Wikipedia: cuts through bureaucracy, gets down to the meat

Keith Brumley

Keith Brumley?Public Service Volunteer?

Many academicians reject the Wikipedia as a valid reference.

They’re wrong 8212; for the most part.

Wikipedia democratizes knowledge. What its critics fault as its weakness is also its greatest asset. Anyone can contribute. It’s based on the notion of an open society. Overseen and edited by volunteer experts, it recognizes the common-sense idea that knowledge does not rest alone behind the cloak of academia.

I’ve occasionally wondered if Wikipedia (once called “Winkipedia” by one of my professors) threatens those in the profession, thus prompting disdain. Since access is free and immediate, there’s a danger students may uncover information contrary to what they’re being taught, thus giving them tools to challenge their teachers.

Academic freedom is not always that free and there’s nothing more dangerous than an insecure professor and/or administrator. These poor folks live in a political cauldron. There are protocols, hierarchies, internal politics, departmental agendas and not the least of which, individual egos to massage. The life of an academician can be a tough one 8212; and I’m serious.

Fortunately, Wikipedia cuts through the bureaucracy and gets down to the meat. Like all search engines, it’s a tool. But . . . like all tools, a person must know how to use it. Peter Froelich of the Sociology Department occasionally uses Google to look up something peaking his curiosity. Wikipedia often comes up. If interested, he’ll open the page.

“It’s a user beware issue,” Froelich said, “No one is held responsible for its accuracy. Wikipedia can also tempt students to plagiarize 8212; it’s easy for them to get caught.”

Wikipedia is not, Froelich points out, a systematic knowledge base. As an instrument for many forms of academic research, it’s no substitute for professional journals.

On the other hand, Wikipedia is an important port of entry concerning most anything. It is currently one of the top ten websites worldwide and is an invaluable aid for those lacking library access. A truly collaborative effort, the quality of its articles improved exponentially since its inception. Wikipedia is in a continual state of growth, revision and the integrity of those who manage it is as impeccable as any8212;and perhaps better than most.

In 2009, journalism professor and media researcher Andrew Lih published The Wikipedia Revolution: How a Bunch of Nobodies Created the World’s Greatest Encyclopedia. Lih was a pioneer in 1999 when he developed the first guidelines concerning The Pulitzer’s acceptance of digital multimedia submissions. Lih is furthermore a Wikipedia moderator and hosts the Wikipedia Weekly, a roundtable and podcast, discussing the issues related to both the Wiki and the online industry. Lih’s current project is WikiFactSheet, which, Lih writes in his blog, “attempts to bring the culture of reliable sources, verifiability, and citations set by Wikipedia to the task of fact checking news outlets and sources.” This may sound a bit arrogant to some, but the fact remains that Andrew Lih is a very well respected media authority.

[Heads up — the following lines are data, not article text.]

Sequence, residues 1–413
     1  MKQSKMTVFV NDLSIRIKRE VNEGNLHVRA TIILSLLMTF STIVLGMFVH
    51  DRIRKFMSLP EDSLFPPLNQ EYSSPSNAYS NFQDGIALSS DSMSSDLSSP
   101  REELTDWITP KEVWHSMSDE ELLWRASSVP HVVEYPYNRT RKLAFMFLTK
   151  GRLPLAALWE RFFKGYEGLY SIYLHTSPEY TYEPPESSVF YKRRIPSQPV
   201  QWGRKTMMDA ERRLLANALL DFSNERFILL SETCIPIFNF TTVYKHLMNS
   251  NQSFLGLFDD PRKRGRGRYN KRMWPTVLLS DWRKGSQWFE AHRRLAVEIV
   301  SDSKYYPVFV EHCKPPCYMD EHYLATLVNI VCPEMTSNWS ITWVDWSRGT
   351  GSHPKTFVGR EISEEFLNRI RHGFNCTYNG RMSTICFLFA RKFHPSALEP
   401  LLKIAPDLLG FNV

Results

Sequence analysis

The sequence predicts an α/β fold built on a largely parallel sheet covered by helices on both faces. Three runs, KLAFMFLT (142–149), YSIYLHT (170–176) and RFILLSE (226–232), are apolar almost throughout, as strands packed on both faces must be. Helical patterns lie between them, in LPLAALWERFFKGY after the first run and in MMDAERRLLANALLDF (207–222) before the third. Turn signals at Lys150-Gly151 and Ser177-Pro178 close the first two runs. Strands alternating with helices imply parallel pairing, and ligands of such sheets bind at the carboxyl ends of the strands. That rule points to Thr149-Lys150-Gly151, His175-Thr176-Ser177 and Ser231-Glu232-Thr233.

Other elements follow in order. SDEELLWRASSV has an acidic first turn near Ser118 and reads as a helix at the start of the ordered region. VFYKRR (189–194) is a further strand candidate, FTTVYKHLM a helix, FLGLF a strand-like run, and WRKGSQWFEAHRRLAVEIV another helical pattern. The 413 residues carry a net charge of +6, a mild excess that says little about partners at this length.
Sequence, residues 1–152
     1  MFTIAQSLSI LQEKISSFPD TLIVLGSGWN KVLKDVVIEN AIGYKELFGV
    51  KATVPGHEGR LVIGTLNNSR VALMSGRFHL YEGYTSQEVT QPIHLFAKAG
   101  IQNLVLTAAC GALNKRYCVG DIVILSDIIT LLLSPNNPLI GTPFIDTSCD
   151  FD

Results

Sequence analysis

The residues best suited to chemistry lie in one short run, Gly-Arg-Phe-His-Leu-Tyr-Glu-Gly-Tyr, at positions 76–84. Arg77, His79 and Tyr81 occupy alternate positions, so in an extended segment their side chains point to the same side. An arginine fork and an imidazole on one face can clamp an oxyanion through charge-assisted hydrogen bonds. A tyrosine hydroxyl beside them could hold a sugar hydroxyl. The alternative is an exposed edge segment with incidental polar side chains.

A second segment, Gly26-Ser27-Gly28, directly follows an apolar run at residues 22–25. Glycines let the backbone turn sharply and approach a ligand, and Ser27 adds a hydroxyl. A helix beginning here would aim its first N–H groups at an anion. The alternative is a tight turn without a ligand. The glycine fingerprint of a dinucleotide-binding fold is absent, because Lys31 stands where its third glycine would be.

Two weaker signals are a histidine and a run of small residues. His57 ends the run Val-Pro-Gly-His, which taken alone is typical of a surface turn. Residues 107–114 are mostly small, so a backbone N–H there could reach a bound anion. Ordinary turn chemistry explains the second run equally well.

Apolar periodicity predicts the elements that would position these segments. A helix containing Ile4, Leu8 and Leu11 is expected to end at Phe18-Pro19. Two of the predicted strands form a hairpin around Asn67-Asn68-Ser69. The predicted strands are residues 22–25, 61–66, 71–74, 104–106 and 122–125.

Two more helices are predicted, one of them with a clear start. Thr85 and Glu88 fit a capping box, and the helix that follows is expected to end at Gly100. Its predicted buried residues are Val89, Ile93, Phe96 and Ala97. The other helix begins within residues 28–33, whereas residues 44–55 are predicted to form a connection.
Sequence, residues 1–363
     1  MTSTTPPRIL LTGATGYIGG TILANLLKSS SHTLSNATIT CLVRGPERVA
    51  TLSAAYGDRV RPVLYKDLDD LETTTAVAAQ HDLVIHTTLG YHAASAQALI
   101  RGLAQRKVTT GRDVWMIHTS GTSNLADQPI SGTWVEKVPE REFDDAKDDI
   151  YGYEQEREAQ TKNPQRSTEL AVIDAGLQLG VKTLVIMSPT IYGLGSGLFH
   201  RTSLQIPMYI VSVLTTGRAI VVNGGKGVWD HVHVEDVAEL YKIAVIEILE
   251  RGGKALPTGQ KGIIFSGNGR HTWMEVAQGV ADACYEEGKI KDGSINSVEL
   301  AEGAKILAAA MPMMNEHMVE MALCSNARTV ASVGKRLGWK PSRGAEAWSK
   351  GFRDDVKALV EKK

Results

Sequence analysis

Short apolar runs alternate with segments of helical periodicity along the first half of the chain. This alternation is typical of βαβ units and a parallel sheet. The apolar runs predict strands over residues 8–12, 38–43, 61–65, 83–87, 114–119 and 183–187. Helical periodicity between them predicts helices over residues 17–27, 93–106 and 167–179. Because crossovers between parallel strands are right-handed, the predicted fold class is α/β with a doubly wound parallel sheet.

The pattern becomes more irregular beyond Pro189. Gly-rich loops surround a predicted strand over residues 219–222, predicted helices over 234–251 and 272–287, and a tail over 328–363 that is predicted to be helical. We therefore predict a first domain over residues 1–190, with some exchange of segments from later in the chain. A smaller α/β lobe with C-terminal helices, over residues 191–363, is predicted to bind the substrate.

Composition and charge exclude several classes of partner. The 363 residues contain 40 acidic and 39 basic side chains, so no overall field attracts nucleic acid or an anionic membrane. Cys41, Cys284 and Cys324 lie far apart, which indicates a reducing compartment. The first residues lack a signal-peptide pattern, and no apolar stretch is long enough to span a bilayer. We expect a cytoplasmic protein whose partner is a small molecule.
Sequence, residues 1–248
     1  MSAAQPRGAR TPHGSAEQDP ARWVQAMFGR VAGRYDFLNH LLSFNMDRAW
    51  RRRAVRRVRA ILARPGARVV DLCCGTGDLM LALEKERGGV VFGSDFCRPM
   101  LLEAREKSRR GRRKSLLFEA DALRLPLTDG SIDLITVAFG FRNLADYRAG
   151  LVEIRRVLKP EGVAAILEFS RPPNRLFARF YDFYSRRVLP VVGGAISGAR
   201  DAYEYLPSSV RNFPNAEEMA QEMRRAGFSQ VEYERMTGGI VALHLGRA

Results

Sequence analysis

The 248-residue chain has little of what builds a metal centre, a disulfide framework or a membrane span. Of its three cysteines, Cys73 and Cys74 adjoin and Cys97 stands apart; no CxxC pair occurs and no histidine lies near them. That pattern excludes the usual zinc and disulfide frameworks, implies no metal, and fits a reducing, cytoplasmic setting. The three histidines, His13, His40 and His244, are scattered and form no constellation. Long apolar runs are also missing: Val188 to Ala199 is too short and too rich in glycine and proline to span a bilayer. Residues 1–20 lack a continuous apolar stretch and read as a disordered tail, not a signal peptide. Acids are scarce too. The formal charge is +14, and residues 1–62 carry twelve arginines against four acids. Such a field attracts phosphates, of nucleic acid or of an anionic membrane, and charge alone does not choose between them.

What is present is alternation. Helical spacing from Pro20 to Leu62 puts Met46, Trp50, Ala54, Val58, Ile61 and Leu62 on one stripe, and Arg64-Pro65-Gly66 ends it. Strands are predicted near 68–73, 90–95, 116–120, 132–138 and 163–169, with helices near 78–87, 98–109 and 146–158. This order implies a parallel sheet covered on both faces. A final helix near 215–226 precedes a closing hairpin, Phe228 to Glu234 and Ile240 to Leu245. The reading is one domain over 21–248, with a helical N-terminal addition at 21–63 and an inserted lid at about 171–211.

The wiki idea was first created by software engineer Ward Cunningham who, according to the Washington Times created wiki (meaning quick) technology in 1994. Launched in 2001 by Larry Sanger and Jimmy Wales, Wikipedia is based on the common law notion of good faith and good will. It’s the fastest growing8212;and largest8212;general reference site on the web. It is, accordingly to Lih, increasingly being referenced in books, legal cases and popular culture.

What makes Wikipedia unlike any other reference site is that it’s almost entirely edited, overseen and moderated by volunteers. The people who work long hours making sure of Wikipedia’s accuracy do it for free. These folks really care.

Wikipedia quotes its mission in part as thus:

“The mission of the Wikipedia Foundation is to empower and engage people around the world to collect and develop educational content under free license or in the public domain, and to disseminate it effectively and globally.”

It is, perhaps, its boldness and optimism that makes the Wikipedia culturally, historically and information-wise both significant and valuable. It’s based on the premise that open is better than closed.

Andrew Lih sees it this way: “If news is the first draft of history, the Wikipedia is the working draft of history.”

To close, my advice for all is to use it with discernment, question it and look for collaborating facts. Then do what you need to do.

Keith Brumley is an SDSU alumnus and current journalism graduate student at SDSU. Contact Keith at [email protected]